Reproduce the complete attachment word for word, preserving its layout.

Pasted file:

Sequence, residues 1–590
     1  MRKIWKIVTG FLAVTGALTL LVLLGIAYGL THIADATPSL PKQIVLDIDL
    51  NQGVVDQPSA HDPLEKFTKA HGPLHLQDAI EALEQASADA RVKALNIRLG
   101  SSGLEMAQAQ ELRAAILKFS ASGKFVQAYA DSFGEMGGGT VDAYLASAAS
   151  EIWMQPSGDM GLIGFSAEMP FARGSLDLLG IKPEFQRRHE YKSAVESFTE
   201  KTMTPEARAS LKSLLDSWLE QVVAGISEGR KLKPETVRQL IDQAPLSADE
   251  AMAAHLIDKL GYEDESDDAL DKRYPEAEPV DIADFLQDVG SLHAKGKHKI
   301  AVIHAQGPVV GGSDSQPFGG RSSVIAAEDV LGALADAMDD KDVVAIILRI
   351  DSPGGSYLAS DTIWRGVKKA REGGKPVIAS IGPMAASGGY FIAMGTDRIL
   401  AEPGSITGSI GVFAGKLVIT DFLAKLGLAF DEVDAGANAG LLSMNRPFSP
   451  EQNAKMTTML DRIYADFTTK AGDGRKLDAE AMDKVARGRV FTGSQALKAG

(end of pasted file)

Sequence, residues 1–590
     1  MRKIWKIVTG FLAVTGALTL LVLLGIAYGL THIADATPSL PKQIVLDIDL
    51  NQGVVDQPSA HDPLEKFTKA HGPLHLQDAI EALEQASADA RVKALNIRLG
   101  SSGLEMAQAQ ELRAAILKFS ASGKFVQAYA DSFGEMGGGT VDAYLASAAS
   151  EIWMQPSGDM GLIGFSAEMP FARGSLDLLG IKPEFQRRHE YKSAVESFTE
   201  KTMTPEARAS LKSLLDSWLE QVVAGISEGR KLKPETVRQL IDQAPLSADE
   251  AMAAHLIDKL GYEDESDDAL DKRYPEAEPV DIADFLQDVG SLHAKGKHKI
   301  AVIHAQGPVV GGSDSQPFGG RSSVIAAEDV LGALADAMDD KDVVAIILRI
   351  DSPGGSYLAS DTIWRGVKKA REGGKPVIAS IGPMAASGGY FIAMGTDRIL
   401  AEPGSITGSI GVFAGKLVIT DFLAKLGLAF DEVDAGANAG LLSMNRPFSP
   451  EQNAKMTTML DRIYADFTTK AGDGRKLDAE AMDKVARGRV FTGSQALKAG